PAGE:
The flu is caused by either the influenza A virus or the influenza B virus. According to the most recent seasonal statistics from the Centers for Disease Control and Prevention (CDC), about 30 percent of people diagnosed with the flu by lab tests have influenza B and 70 percent have influenza A.
The signs and symptoms of influenza A and B are very similar, but influenza B symptoms are often less severe. As well, some symptoms tend to be more common with influenza B than with influenza A. But despite these slight differences, influenza A and B are treated and prevented in the same ways.
Influenza B General Signs and Symptoms
Influenza B, like influenza A, typically begins with the sudden onset of a fever. The temperature usually reaches 39 degrees Fahrenheit or higher. It tends to be higher in children than in adults. As a person's temperature is rising, chills and shivering may occur. Sweating can appear once the fever has set in. The CDC notes that the fever usually lasts for about 3 to 4 days.
Soon after the fever begins, other generalized symptoms often appear. These include a headache, muscle aches, other body aches and tiredness.
Respiratory Signs and Symptoms
Respiratory signs and symptoms are also common with the flu. A cough is the most frequent respiratory symptom, which can be severe. A stuffy or runny nose, sore throat and sneezing may also occur, but they are usually relatively minor -- less frequent and less severe than with a cold. A runny nose tends to be more common with influenza B than with influenza A, according to the medical textbook "Influenza." Respiratory symptoms usually disappear within 1 to 2 weeks, but an intermittent cough may remain for several weeks.
Digestive Tract Signs and Symptoms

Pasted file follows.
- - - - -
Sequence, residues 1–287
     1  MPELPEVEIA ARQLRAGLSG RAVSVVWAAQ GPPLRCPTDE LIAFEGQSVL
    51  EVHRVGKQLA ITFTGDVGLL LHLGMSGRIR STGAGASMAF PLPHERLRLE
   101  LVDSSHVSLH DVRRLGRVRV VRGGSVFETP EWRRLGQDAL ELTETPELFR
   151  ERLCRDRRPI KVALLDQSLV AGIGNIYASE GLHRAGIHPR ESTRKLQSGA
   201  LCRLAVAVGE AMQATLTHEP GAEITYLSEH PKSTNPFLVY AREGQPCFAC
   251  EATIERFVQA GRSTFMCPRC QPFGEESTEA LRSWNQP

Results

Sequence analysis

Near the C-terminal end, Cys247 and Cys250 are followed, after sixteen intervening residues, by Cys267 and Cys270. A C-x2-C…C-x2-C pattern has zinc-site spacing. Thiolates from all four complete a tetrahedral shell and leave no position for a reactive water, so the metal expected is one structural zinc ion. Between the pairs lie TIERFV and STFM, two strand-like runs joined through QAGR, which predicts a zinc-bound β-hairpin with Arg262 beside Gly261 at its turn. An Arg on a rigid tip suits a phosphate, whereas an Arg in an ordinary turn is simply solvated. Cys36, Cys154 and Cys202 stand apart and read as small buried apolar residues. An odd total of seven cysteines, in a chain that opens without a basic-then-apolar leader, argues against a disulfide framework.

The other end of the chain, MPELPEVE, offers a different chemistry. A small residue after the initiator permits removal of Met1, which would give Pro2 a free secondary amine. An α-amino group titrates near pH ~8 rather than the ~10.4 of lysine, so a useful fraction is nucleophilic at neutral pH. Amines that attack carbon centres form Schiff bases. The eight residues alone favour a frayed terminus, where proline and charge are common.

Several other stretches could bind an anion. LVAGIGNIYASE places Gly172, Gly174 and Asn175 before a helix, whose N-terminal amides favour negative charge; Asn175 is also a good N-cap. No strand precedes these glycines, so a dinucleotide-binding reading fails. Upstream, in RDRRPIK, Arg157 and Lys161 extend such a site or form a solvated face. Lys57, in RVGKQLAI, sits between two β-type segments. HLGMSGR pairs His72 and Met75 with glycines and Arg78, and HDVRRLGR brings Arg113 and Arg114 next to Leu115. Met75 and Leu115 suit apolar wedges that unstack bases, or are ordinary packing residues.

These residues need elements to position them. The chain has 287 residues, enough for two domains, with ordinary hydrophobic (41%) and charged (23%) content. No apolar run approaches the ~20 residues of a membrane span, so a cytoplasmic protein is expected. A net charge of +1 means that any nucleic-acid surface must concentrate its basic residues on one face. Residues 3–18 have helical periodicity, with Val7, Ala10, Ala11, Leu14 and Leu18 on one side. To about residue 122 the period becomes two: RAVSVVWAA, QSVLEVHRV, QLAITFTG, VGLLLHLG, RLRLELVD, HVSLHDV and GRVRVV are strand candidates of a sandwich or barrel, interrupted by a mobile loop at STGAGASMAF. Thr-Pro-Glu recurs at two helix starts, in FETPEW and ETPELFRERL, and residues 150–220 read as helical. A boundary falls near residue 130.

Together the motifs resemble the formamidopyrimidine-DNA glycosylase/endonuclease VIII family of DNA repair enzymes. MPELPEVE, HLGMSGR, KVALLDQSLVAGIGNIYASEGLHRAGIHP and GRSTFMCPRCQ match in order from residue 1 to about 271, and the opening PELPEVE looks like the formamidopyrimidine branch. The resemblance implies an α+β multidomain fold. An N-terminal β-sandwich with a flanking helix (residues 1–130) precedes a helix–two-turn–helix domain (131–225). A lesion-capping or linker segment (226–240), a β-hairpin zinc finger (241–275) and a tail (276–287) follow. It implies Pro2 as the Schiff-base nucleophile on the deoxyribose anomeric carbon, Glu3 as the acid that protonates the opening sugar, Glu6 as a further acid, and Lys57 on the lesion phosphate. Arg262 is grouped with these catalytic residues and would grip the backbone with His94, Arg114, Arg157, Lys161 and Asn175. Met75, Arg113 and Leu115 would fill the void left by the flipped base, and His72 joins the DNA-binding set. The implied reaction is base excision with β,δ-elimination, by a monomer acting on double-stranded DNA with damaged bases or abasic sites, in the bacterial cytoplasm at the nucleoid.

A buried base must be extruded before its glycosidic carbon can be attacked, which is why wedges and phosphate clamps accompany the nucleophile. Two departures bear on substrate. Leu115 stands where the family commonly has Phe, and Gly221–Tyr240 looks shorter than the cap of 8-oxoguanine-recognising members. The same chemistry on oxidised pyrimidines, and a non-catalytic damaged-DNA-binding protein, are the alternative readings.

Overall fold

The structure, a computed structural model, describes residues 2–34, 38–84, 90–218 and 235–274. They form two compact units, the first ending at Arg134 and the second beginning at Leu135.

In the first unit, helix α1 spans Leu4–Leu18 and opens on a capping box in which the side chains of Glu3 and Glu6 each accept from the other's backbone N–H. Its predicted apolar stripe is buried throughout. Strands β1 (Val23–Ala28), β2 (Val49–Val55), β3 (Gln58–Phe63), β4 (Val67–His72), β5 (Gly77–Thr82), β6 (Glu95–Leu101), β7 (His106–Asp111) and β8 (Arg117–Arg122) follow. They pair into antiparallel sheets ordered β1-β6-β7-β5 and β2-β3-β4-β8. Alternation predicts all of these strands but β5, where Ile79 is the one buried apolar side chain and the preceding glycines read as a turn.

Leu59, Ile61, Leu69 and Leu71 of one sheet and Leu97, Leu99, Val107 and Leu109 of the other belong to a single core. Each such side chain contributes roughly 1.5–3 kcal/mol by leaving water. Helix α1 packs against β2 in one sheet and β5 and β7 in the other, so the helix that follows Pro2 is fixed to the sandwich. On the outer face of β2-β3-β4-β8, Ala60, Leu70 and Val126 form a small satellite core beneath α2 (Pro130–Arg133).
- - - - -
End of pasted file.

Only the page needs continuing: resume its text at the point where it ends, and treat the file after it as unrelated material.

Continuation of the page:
Poor appetite is common with the flu. Nausea, vomiting and abdominal pain may occur as well, especially in children. Digestive tract symptoms are also more common with influenza B than with influenza A, according to "Influenza."
If you think you may have the influenza B, see your doctor promptly. Your doctor may recommend an antiviral medication, but to be effective, these medications must be started in the first 48 hours after the onset of symptoms. Other treatments include over-the-counter medications to reduce your fever, resting and staying hydrated.
Also seek prompt medical care if your symptoms do not begin to improve in a few days or if they were improving but are now becoming worse. Obtain immediate medical care any time you have shortness of breath, chest pain, dizziness or lightheadedness, confusion or severe or persistent vomiting.
A yearly flu vaccine will reduce your chances of getting influenza B. The vaccine acts against influenza B, as well as influenza A. Even if it does not prevent you from becoming sick, the vaccine will generally make the infection less severe and help you recover more quickly. To avoid spreading the flu, the CDC recommends staying home for at least 24 hours after your fever is gone, except to obtain medical care.
Reviewed and revised by Mary D. Daley, MD
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- The Virology Blog: The A, B, and C of influenza virus
- Penn State University Medical Center: Influenza
- National Institutes of Health: The Flu
- Centers for Disease Control and Prevention: Flu: What To Do If You Get Sick
- Centers for Disease Control and Prevention: Flu Symptoms
- Centers for Disease Control and Prevention: 2012-2013 Influenza Season Surveillance Summary
- Influenza; E. D. Kilbourne